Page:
Breast pain (mastalgia) is very common. Up to 70 percent of women will experience breast pain at some time in their lives. It can be cyclic (associated with the menstrual cycle), or non-cyclic (not related to your period). Breast pain alone is rarely a sign of breast cancer.
Breast pain can be due to:
- Hormonal changes
- An enlarging or inflamed cyst (fluid-filled sac)
- Certain medications
- Pain in the chest wall or muscles
Evaluation can include:
- Thorough medical history review and clinical breast exam
- Possible mammogram and/or breast ultrasound
- Symptom management
Follow-up will be determined by you and your provider depending on your particular situation.
Treatment for Breast Pain
Often the pain will spontaneously resolve with time, and no treatment is needed.
Other options for relief include:
- Changing medications
- Wearing a well-fitting bra
- Anti-inflammatory medication such as ibuprofen
- Applying heat or ice
Certain dietary changes or supplements have brought relief to some women, but have not been proven in clinical trials:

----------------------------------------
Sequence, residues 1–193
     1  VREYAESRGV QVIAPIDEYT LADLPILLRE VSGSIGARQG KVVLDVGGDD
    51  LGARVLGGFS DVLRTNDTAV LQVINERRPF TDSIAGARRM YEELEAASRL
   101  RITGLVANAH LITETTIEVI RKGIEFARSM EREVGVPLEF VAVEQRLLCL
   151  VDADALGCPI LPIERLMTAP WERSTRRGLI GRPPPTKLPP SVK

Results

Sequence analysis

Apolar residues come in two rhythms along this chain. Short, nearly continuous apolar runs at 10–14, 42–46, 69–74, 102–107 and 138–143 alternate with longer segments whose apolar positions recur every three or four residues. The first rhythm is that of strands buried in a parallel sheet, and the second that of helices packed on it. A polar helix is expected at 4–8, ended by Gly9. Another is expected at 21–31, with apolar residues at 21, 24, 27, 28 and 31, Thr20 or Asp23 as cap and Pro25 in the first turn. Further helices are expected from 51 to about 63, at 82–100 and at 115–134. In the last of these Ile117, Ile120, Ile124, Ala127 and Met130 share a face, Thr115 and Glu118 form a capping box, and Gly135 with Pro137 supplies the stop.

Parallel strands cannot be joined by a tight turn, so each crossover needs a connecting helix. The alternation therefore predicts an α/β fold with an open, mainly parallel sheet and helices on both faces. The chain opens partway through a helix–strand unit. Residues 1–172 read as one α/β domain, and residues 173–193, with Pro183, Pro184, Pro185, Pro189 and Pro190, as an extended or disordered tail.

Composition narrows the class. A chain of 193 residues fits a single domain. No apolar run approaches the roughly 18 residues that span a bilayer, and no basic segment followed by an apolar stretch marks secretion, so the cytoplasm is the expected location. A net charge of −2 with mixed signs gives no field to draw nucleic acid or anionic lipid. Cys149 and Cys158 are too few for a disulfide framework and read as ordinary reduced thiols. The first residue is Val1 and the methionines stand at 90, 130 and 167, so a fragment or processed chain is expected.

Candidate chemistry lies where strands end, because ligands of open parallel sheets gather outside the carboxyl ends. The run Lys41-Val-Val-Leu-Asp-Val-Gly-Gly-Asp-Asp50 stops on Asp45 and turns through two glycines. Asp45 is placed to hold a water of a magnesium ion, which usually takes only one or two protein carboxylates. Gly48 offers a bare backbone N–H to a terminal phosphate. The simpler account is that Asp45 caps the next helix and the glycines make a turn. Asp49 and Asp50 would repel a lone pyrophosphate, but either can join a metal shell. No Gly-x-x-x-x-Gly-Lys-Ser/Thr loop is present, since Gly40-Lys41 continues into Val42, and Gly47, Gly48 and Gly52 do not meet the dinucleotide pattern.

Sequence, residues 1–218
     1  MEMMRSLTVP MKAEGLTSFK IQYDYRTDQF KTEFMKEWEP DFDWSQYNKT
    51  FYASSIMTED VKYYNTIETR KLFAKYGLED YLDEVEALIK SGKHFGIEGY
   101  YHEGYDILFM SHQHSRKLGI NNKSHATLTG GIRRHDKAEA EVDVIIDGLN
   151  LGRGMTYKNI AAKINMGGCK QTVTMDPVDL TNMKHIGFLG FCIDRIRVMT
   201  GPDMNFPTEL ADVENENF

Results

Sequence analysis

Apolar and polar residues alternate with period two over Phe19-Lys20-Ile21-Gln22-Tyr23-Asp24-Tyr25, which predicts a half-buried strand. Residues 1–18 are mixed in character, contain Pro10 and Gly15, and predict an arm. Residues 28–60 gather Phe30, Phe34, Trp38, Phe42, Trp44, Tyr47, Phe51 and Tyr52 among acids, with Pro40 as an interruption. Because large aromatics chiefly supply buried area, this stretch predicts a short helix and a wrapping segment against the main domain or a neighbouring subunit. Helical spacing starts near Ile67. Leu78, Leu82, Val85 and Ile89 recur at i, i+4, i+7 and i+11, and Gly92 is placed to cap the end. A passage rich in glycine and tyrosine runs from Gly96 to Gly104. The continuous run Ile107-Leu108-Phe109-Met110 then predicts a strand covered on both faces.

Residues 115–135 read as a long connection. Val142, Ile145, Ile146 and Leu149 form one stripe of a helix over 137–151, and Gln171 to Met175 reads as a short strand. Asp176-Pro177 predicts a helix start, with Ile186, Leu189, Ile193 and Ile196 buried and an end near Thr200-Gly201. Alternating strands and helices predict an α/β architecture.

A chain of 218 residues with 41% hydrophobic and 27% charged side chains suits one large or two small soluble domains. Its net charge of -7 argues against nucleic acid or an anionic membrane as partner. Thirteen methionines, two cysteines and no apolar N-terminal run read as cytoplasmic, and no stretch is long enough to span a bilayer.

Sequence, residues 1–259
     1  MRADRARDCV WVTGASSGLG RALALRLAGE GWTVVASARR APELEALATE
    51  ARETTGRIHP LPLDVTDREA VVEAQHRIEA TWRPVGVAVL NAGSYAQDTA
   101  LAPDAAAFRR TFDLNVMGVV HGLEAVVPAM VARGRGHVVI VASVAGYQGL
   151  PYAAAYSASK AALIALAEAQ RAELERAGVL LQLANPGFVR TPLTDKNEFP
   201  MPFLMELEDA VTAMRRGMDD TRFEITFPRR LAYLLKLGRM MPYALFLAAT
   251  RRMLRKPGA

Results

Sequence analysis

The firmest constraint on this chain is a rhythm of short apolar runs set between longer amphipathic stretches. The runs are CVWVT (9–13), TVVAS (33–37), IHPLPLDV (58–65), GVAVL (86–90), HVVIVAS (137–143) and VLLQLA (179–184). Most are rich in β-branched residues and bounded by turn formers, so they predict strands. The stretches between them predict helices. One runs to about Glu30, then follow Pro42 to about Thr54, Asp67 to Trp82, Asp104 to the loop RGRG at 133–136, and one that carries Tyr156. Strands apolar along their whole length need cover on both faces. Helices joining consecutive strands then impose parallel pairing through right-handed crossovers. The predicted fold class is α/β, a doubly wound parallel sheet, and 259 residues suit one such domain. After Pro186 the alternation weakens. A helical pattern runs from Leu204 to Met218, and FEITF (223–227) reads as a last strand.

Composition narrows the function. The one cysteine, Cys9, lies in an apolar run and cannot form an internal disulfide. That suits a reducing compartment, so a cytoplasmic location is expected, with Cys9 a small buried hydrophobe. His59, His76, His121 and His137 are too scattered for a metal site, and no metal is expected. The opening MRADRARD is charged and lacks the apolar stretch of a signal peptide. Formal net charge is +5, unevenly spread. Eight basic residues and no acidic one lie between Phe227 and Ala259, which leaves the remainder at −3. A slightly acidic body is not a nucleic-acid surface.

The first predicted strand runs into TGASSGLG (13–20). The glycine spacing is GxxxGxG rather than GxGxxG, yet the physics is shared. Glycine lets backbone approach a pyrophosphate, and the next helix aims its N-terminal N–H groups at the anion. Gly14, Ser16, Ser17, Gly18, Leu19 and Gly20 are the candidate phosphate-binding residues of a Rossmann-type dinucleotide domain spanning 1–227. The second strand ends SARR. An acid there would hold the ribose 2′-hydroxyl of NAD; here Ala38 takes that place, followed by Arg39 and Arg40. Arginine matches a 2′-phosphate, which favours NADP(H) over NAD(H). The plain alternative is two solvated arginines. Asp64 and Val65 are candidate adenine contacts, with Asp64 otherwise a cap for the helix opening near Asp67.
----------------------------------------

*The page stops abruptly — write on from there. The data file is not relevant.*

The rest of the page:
- Evening primrose oil at a dosage of 1,000 mg orally two to three times per day — This may help; however, it can take three to four months to get relief. It should not be taken by women with a seizure disorder.
- Vitamins such as Vitamin E, thiamine (Vitamin B1) or Vitamin B6
- Reducing intake of caffeine and/or chocolate
- Reducing the amount of fat in your diet
Questions About Breast Pain?
If you have questions about this topic, or would like more information, please talk with your health-care provider.
Virginia Mason's Breast Clinic, with locations in Seattle and Federal Way, is easily reached toll-free at (877) 433-9813. We make it a priority to answer your call promptly and to schedule you for the most appropriate exam.